Unfortunately, the unrest in the Terai reinforces the adage that squeaking wheels get the grease. In that sense, one can understand the pleasant tickle that many Teraians feel at the attention that the protests are drawing to the genuine but long neglected grievances of Madhesis. Within months, if not weeks, the Madhesi People’s Rights Forum (MPRF) has risen into national and international limelight. It does have a lot of work to do. However, people of Terai should not expect overnight transformation of realities on the ground. The leaders of ongoing political transition deserve benefit of doubt and one should take their pledges to address the grievances of Terai people sincerely and allow them to demonstrate through their action that they mean what they say. The MPRF and the two factions of the Janatantrik Terai Mukti Morcha (JTMM) should immediately join the government leaders in finding a peaceful way out. The people of Terai must show their fitness for democracy by pursuing a peaceful and persistent course of action to achieve their objectives. In return, the government must refrain from using force against peaceful protests lead the process of change.

Nepal’s political leadership has recently shown remarkable astuteness in the art of accommodation and reconciliation. With respect to Terai, however, the learning curve leaves a lot to be desired. The people of this region have not been taken into confidence during the ongoing transition and they remain outside the mainstream of Nepali politics.

The Nepali state, including the police, the army and the political leadership of all major political parties are in dire need of what could be called “extreme makeover.” They need to look more like Nepal and reflect its diversity. Populated overwhelmingly by the same kind of people connected with each other with multiple reinforcing bonds of caste, kinship and shared privileged status, the higher echelons of government and political leaders of Nepal will find it hard to overcome deep seated doubts by “others” over their neutrality and sincerity.

Yet, sincere efforts must be made to achieve order and democracy. The challenge is a daunting one and the failure to tackle it will be disastrous. The charges of complicity of security forces in perpetrating deliberate brutalities against the Madhesis in Nepalganj must be investigated fairly and the report must be made public. The government must severely punish those responsible to deter such future behavior. The same should be done for other situations (Lahan, Janakpur etc). Nepali leaders should also live by their own democratic profession and accept population as the basis of representation; it is people that need to be represented not mountains and trees. National political parties must field candidates whose ethnic, cultural and linguistic profiles closely represent their constituency. All the demands of the Terai people must be given fair consideration.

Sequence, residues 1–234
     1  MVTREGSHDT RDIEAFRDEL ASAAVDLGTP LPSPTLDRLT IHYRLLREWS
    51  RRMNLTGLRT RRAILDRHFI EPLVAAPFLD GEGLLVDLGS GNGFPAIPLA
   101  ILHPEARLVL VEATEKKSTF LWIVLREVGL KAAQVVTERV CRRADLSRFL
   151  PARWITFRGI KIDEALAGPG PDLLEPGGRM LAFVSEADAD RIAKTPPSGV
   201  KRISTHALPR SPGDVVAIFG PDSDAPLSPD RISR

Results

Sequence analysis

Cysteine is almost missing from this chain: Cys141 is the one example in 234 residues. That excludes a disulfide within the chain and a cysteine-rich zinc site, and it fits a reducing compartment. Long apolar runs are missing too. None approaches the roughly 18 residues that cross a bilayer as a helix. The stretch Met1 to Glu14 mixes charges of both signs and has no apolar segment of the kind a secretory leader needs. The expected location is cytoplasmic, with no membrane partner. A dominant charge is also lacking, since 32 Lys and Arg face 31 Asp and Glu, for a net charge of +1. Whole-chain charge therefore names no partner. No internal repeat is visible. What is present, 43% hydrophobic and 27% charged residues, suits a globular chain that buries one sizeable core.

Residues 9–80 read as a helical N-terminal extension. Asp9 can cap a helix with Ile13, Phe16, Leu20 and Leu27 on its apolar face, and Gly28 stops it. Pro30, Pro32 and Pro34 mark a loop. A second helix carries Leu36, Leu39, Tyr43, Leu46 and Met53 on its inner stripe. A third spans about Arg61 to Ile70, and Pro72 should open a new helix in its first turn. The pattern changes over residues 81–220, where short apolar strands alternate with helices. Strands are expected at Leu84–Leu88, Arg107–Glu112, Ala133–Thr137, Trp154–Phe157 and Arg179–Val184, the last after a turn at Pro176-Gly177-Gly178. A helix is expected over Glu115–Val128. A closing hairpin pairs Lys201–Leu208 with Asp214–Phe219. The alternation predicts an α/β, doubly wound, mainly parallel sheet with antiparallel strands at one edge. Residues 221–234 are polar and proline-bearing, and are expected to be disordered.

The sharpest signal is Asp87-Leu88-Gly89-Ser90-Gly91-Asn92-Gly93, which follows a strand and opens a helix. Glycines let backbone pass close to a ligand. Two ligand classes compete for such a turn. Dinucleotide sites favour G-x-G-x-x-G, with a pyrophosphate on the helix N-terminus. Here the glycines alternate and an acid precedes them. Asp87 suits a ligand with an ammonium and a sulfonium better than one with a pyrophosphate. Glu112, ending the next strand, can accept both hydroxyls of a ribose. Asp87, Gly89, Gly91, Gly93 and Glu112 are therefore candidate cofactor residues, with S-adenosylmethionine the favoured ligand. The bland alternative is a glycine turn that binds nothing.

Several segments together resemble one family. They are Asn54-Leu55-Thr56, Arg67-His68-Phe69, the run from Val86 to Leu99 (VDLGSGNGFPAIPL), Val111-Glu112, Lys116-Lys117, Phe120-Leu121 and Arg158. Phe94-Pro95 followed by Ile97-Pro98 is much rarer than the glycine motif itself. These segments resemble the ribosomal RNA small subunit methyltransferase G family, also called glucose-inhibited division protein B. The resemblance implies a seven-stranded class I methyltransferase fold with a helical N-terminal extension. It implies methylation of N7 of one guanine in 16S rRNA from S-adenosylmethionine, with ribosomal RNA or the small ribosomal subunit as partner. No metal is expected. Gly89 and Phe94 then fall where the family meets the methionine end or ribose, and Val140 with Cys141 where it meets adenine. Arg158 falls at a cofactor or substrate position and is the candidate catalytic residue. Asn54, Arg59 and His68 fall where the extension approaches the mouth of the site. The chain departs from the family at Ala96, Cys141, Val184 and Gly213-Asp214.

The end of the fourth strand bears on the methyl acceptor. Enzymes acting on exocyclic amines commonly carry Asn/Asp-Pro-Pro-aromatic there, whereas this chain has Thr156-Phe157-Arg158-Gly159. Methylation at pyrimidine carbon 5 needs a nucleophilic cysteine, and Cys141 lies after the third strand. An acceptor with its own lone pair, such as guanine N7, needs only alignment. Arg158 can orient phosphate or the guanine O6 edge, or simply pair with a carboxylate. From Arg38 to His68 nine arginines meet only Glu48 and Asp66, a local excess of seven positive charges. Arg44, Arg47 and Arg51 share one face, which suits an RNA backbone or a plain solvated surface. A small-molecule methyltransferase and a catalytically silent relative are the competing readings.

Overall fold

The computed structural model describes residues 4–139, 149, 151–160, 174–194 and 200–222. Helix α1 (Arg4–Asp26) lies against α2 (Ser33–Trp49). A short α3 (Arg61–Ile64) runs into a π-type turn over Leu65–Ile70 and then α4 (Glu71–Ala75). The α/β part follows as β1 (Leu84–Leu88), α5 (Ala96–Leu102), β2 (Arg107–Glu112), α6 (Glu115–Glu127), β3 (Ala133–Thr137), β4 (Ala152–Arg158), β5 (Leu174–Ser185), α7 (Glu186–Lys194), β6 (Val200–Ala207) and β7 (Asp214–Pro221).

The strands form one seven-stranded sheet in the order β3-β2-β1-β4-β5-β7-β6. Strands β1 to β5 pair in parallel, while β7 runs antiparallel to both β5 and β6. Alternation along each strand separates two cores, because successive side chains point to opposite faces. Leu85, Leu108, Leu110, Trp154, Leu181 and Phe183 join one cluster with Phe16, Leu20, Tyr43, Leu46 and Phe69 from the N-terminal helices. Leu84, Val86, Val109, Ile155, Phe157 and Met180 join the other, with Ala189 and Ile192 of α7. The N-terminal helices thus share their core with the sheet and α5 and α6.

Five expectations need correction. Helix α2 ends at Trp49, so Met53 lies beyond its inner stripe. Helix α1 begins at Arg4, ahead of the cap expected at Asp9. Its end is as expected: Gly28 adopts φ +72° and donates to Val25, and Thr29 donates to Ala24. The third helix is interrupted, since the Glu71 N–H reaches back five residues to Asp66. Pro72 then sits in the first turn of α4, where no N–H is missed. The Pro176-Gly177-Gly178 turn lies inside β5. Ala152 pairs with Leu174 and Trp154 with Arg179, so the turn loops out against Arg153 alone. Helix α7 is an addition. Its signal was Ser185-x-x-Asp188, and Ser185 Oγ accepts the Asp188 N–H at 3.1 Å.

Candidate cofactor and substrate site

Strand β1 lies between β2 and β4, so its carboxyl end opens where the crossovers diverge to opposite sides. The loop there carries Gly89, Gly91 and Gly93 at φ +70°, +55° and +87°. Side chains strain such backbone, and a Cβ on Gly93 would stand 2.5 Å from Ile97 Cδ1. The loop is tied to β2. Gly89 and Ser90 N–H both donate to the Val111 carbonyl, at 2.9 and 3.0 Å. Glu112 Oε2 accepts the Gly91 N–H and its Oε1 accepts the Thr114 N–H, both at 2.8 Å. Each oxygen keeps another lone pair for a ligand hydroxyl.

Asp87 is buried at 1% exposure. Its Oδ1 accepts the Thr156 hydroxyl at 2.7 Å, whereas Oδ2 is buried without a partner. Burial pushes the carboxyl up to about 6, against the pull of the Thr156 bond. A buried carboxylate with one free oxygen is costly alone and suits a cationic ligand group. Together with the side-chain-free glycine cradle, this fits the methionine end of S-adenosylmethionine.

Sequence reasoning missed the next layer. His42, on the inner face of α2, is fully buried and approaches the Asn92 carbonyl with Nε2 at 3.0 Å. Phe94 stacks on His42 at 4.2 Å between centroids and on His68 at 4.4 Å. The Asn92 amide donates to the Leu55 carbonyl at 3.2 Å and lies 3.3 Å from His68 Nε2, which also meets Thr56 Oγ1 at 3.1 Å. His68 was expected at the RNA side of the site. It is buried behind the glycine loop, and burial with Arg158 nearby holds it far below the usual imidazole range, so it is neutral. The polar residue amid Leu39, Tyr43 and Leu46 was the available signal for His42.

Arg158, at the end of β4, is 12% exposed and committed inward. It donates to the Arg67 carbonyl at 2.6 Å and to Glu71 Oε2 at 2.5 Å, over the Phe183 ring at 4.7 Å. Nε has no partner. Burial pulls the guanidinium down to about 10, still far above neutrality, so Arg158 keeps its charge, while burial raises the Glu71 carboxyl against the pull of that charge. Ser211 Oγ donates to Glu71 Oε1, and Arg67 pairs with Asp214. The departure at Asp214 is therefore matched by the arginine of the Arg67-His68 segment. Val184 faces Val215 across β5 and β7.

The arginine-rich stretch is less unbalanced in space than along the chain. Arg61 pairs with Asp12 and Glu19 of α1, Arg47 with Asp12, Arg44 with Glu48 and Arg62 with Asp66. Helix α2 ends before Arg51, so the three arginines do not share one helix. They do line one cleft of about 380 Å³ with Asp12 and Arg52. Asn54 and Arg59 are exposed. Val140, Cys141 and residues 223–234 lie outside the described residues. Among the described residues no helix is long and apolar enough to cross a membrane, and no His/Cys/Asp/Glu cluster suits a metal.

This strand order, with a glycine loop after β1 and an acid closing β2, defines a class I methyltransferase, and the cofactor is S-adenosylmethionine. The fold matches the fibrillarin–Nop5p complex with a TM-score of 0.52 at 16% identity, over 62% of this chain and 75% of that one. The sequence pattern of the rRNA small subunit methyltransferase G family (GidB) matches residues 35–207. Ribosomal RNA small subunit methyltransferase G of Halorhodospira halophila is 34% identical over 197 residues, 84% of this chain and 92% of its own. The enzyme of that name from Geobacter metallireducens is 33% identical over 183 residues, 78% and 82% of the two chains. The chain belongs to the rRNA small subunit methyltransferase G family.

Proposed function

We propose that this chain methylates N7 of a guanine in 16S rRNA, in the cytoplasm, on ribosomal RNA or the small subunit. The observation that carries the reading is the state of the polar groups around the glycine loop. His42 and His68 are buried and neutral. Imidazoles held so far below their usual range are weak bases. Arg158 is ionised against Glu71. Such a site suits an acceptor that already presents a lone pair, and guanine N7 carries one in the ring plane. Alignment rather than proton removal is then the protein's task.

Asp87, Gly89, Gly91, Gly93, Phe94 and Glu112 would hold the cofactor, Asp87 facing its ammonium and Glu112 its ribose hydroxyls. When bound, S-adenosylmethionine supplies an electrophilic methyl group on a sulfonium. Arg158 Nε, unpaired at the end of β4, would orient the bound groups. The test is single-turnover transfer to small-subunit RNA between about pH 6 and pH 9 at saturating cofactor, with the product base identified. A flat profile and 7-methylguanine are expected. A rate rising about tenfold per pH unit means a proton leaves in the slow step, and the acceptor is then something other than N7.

(The author is an Assistant Professor of Political Science at Wright State University in Dayton, Ohio, USA. Can be reached at

In The News

Eight parties discuss Terai crisis: Tuesday’s meeting to come up with 'create decisions' NepalNews "The need at the moment," he said, "is to rise above the caste and regional lines and live in harmony." “More than Pahades (hilly people) and Madhesis, we are Nepalis.” ..... the concerns over continuous attacks on government installations, houses of political leaders and independent media by the protesters ..... the decisions of the meeting of the UML Standing Committee ...... condemned the violence and stressed that the crisis should be resolved through dialogue ....... has claimed seven lives till date. ...... the demand to amend the interim constitution to incorporate proportional electoral system on the basis of population for the upcoming constituent assembly polls and a federal system.
Terai situation will be under control within few days, says Home Minister
Tripathy resigns amid Terai crisis Minister for Industry, Commerce and Supplies Hridayesh Tripathy, on Monday, tendered his resignation to the Prime Minister through chief secretary Dr. Bhoj Raj Ghimire ....... Tripathy is a general secretary of Nepal Sadbhavana Party (NSP-Anandidevi), which had already petitioned to the PM threatening to pull out from the government unless the latter fulfilled the genuine demands of Terai protesters. ...... the Madhesi Janadhikar Forum (MJF) has been launching protests since last two weeks demanding amendment in the interim constitution to usher in federal structure of state as well as delimitation of electoral constituencies based on population. ....... The NSP-A, too, had noted down its note of dissent on these agenda when the interim constitution was promulgated.
Janakpur, Birgunj and Kalaiya under curfew The administration in Janakpur has announced 8 am till 9 pm curfew on Monday. Reports say protests are still going on in Janakpur. There were also said to be overnight protests there. ..... Demonstrations are also being held in parts of Mahottari
Terai unrest derails business and trade
Media under attack in Terai unrest
Madhesi Empowerment Is Possible Through Peaceful Route
Ministers, MPs to petition to the PM to fulfill Terai demands 53 MPs of the interim parliament representing the Terai region are going to submit their joint petition to the Prime Minister asking him to fulfill genuine demands of Madhesi people. ....... four ministers in the current cabinet who represent the Terai region – Hridayesh Tripathy, Mahantha Thakur, Prabhu Narayan Chaudhary and Dharma Nath Shah – have asked the PM to amend the interim constitution to address the demands of Madhesi people. ...... signatories including deputy Speaker Chitra Lekha Yadav and MPs Bharat Bimal Yadav, Matrika Prasad Yadav and Bijaya Gachhadar ...... have asked the PM to take initiatives to restructure the state on federal basis and reconstitute electoral constituencies based on population.
Eight-party meeting in afternoon to discuss Terai issue

Bam Dev Gautam, Sudip Pathak and Kishor Kumar Bishwas speaking at an interaction program